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The Capitol Note: Lawmakers return to wrap up tax, spending bills before bonding

1) Lawmakers returning to the Capitol this week have to finish negotiating over supplemental budget bills and additional tax cuts made possible by Minnesota’s projected budget surplus, Minnesota Public Radio reports.

Though legislators have already passed $443 million in tax cuts, they’re still wrangling over the differences between two bills that would provide roughly $100 million in additional tax relief. The House has passed $323 in new spending, which must be meshed with a $210 million bill from the Senate.

Senate Majority Leader Tom Bakk said he still thinks this years’s legislative session can end early, but that will depend on Republican willingness to provide the votes necessary to pass a bonding bill.

“If we could come back and have a couple weeks, that would be a pretty short session,” Bakk said. “I mean anything under 10 weeks would be pretty short. I don’t know if that can be done. That’s totally in the hands of the Republicans, because the bonding bill is the bill that’s going to be the hardest to close up because it has to have bipartisan support.”

2) Medical marijuana advocates will host a press conference Tuesday morning at the Capitol in a blowout blitz to push the struggling legislation past the finish line, according to a media release.

The event will highlight doctors and clergy who support access to medical marijuana, which the legislation would provide in a limited way for patients with certain conditions who get doctor approval. So far, Gov. Mark Dayton has opposed any medical marijuana bill that doesn’t have the backing of law enforcement.

Some lawmakers from both parties have criticized law enforcement’s lobbying power at the Capitol.

“Doctors and clergy throughout the state and around the country support legal access to medical marijuana,” Heather Azzi, political director for Minnesotans for Compassionate Care, said in a statement. “Legislators need to adopt comprehensive medical marijuana legislation this year. Seriously ill Minnesotans should not have to wait any longer.”

The Minnesota chapter of NORML will hold a rally on Wednesday at the Capitol to push for full legalization of marijuana, according to a flier that reads: “Yes we Cannabis!”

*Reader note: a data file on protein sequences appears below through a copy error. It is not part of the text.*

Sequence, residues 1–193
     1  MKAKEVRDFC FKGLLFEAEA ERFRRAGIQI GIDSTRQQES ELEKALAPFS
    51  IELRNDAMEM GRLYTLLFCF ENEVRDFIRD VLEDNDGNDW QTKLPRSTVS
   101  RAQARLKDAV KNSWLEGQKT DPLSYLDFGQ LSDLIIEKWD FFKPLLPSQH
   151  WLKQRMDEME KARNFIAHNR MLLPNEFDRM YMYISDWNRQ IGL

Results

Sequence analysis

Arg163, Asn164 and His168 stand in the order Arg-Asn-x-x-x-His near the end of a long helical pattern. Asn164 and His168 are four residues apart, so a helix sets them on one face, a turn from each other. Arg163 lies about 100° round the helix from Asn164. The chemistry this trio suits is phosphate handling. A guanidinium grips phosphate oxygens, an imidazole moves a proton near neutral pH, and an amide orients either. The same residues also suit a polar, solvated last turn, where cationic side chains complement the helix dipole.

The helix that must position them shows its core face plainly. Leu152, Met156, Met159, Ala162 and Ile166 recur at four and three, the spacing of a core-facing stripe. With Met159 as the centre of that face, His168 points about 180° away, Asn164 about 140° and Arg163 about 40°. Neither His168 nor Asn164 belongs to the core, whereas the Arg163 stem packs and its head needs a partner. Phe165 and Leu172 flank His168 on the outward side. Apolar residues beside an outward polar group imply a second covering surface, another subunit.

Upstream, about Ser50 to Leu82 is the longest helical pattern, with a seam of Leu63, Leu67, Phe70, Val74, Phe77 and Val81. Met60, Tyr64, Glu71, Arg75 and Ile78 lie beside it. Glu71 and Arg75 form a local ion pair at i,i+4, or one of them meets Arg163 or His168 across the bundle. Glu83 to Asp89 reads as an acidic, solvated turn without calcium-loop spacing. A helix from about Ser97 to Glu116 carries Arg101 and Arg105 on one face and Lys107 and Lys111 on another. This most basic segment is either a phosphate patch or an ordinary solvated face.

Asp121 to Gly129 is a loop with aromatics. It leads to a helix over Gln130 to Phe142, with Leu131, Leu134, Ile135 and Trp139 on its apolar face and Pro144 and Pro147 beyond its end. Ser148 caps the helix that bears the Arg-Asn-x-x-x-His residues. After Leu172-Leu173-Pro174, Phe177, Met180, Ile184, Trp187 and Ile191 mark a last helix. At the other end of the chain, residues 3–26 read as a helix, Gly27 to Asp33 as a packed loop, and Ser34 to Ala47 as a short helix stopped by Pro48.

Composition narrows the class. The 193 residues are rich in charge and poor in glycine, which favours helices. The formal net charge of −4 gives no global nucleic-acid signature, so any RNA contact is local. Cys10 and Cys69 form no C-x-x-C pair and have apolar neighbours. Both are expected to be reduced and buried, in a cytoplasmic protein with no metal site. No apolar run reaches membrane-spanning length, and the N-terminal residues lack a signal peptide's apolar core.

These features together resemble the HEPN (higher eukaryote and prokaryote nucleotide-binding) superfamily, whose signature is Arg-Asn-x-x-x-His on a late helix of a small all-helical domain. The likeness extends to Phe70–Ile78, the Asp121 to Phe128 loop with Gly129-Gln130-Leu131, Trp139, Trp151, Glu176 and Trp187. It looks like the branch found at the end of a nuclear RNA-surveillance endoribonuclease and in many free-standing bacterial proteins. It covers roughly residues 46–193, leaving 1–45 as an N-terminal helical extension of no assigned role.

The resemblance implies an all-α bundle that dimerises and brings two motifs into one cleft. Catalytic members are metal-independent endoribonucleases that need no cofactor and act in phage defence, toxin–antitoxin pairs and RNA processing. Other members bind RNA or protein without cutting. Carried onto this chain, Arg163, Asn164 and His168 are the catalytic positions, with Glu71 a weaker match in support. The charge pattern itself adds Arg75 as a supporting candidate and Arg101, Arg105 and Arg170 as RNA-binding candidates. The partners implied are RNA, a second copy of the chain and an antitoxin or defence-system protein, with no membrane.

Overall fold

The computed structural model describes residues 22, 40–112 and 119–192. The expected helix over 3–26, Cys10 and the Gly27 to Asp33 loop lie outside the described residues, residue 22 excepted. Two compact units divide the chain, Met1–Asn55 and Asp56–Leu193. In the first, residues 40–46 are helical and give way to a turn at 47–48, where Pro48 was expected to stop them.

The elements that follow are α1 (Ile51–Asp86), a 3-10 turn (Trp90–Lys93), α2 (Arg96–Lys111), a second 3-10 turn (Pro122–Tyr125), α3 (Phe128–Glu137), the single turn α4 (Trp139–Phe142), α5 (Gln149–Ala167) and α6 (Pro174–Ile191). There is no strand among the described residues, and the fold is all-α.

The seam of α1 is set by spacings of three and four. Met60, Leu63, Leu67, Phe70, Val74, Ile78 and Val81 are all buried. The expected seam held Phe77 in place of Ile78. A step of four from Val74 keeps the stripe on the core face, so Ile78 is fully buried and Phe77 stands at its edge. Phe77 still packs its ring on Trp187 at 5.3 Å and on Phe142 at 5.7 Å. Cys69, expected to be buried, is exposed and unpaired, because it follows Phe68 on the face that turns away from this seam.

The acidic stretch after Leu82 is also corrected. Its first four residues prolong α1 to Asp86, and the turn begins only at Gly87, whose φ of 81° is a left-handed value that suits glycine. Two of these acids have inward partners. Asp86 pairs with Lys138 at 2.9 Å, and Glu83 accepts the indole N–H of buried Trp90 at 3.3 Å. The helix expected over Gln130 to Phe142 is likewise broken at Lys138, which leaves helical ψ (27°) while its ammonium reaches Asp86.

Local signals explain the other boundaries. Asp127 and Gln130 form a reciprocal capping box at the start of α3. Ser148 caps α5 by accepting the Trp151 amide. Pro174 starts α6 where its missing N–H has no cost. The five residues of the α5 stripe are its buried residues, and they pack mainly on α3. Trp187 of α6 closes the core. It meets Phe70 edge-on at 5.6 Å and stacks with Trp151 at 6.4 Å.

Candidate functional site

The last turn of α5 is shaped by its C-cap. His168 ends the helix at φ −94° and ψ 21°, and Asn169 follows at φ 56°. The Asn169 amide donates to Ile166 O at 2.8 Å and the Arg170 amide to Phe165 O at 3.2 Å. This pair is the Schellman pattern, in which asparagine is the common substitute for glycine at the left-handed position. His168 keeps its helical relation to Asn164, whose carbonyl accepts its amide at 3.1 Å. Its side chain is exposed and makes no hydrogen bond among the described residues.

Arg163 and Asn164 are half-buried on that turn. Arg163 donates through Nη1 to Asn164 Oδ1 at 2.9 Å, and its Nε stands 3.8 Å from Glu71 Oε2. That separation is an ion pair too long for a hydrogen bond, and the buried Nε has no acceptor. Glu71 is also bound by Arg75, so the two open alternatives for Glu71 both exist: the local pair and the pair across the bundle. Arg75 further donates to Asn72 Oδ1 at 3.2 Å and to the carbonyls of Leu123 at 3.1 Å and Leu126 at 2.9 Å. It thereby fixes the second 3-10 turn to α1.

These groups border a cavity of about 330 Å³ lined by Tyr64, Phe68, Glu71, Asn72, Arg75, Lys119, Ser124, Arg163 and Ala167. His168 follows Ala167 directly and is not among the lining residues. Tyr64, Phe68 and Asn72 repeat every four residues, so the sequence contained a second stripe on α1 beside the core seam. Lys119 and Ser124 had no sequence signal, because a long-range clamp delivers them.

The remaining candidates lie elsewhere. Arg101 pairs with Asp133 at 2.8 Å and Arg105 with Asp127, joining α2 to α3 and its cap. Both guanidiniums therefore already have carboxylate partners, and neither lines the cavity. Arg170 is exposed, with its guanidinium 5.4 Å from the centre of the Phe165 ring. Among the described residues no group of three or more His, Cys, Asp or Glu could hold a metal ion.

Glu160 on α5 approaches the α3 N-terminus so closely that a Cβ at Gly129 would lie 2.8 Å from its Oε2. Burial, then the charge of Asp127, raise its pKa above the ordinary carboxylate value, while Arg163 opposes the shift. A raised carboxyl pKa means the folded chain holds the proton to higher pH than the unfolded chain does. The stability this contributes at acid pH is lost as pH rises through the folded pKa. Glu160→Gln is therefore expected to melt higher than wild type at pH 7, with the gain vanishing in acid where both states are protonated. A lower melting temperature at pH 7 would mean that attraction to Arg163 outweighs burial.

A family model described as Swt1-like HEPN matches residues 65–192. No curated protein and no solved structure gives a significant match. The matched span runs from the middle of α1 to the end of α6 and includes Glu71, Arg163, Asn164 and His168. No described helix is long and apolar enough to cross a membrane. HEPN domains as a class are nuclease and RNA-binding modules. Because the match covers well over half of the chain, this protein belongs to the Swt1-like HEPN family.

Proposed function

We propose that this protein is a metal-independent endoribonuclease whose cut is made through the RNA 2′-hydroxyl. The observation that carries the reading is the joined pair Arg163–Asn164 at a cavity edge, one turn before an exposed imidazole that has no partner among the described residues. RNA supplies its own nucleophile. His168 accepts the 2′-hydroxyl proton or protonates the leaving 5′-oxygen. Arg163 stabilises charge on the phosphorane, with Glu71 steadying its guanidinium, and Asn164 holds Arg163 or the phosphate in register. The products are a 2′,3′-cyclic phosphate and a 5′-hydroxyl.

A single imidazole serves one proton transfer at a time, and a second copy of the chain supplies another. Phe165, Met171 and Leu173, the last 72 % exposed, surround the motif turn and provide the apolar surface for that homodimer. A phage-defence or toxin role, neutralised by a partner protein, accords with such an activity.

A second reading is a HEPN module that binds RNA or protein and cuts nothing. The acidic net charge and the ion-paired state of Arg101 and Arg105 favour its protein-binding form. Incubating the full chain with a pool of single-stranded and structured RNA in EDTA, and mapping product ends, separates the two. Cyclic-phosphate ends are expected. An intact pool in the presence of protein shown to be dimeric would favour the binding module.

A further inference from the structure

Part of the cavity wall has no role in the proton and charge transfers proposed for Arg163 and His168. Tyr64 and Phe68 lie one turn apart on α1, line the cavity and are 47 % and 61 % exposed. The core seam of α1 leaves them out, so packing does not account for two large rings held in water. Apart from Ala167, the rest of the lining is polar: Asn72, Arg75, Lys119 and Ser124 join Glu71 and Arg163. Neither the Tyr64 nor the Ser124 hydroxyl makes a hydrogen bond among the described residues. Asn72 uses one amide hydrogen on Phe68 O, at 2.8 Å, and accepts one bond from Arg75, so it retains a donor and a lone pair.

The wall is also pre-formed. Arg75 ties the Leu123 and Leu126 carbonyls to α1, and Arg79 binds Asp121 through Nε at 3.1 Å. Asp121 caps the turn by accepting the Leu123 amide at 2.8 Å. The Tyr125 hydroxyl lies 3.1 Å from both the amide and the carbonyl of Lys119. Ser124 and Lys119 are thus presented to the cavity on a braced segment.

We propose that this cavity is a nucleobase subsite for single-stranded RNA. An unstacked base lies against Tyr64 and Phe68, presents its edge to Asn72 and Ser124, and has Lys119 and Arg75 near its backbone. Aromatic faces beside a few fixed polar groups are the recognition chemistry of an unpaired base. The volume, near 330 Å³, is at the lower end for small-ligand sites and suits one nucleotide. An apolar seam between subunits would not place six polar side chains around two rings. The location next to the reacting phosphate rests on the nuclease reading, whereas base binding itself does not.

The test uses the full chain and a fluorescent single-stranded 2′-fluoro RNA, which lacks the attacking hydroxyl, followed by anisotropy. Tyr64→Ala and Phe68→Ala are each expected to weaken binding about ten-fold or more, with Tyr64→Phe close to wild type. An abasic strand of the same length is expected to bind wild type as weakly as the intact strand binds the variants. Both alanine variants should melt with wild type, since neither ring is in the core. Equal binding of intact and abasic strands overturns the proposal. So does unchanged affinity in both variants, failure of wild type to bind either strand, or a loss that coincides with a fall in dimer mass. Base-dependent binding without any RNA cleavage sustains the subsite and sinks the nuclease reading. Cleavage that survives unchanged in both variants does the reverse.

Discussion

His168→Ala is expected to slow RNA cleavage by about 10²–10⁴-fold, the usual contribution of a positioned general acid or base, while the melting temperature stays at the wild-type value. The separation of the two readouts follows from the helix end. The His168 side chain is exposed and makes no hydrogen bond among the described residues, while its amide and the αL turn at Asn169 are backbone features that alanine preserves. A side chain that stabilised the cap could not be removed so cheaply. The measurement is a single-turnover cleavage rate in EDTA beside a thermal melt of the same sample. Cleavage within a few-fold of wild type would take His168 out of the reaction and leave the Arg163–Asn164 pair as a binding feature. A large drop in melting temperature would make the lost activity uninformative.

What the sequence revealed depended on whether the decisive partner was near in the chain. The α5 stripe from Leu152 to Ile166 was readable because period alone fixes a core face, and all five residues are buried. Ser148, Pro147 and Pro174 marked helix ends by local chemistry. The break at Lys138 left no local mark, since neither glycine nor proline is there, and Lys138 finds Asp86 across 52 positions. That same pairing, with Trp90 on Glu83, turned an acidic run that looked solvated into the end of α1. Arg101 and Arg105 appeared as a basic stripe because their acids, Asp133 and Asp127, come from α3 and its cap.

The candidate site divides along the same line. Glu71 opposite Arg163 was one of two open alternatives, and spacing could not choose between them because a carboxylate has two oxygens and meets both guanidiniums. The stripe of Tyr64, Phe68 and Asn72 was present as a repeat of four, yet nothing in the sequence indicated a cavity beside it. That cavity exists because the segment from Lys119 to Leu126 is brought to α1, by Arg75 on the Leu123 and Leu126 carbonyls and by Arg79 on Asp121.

3) U.S. Sen. Al Franken has continued his criticisms of a $45 billion merger between cable and Internet giant Comcast and its rival, Time Warner Cable.

Comcast, which has typically supported Democratic candidates in the past and has ties to the Obama administration, has faced Franken’s ire from a consumer standpoint. Some observers also say the move could have significant repercussions for political advertising. Though Comcast has also backed GOP candidates, some worry that a preference for Democrats could force out certain political activity.

“The first thing I would do is not let the largest cable TV company buy the second-largest cable TV company,” Franken said.

COMINGS & GOINGS

  • Gov. Mark Dayton has a trio of open public events on his schedule today, beginning with an 11:30 a.m. speech to the North Central Minority Supplier Development Council. At 1:20, Dayton will speak at an event in the rotunda, as part of drug court day at the Capitol, and at 4:00 p.m., Dayton will return to the rotunda to address a clean energy and jobs rally.
  • Updated: Yesterday Republican activist/attorney John Gilmore tweeted that former Minnesota Senate Majority Leader Amy Koch would be joining GOP candidate Randy Gilbert’s campaign for State Auditor, and that former Senate GOP communications guru Michael Brodkorb would be lending a hand. Brodkorb tells PIM that the claim is entirely false. Koch also phoned to complain about our reporting on the Gilmore tweet, but refused to say whether she is involved with the Gilbert campaign.
  • SEIU Healthcare Minnesota registered Anna Odegaard as the newest member of  its lobbying team, taking the union organization’s current count up to four; it’s Odegaard’s first registration with the state.
  • 6th Congressional District candidate Rhonda Sivarajah has retained Patrick Davis to serve as her campaign’s counsel and strategist. Davis, a South Dakotan, is former executive director of the National Republican Senatorial Committee, and once worked in the public affairs office under President George H.W. Bush.
  • A new political fund has been launched to support a bond referendum for the Kasson-Mantorville school district. The “Committment to Excellence” committee registered with the state campaign finance board last week, listing Angie Richards, an active player in the Rochester Chamber of Commerce, as its chair.

 


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